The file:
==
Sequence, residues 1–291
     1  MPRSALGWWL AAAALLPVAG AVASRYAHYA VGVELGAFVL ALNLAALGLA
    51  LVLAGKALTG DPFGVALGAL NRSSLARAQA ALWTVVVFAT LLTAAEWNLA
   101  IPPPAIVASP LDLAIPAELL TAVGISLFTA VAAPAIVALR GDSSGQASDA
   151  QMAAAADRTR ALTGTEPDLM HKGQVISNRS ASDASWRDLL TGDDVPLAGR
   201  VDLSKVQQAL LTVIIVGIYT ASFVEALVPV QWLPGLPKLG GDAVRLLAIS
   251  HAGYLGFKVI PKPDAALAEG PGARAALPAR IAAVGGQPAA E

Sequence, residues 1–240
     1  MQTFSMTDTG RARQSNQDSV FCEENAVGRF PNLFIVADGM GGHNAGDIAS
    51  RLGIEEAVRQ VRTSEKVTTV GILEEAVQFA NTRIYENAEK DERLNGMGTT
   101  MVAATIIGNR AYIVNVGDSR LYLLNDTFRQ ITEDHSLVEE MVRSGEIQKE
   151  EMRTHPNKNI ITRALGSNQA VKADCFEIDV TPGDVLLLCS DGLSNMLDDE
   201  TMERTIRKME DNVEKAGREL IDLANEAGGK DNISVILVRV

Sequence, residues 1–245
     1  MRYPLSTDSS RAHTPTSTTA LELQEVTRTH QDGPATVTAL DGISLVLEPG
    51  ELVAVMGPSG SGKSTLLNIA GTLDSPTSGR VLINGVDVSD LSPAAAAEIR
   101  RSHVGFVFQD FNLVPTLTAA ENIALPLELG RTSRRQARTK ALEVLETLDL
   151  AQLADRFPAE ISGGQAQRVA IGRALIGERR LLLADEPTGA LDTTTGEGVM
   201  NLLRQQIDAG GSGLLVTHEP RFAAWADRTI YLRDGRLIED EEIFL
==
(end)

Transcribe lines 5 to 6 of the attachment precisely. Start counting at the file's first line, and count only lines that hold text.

   151  QMAAAADRTR ALTGTEPDLM HKGQVISNRS ASDASWRDLL TGDDVPLAGR
   201  VDLSKVQQAL LTVIIVGIYT ASFVEALVPV QWLPGLPKLG GDAVRLLAIS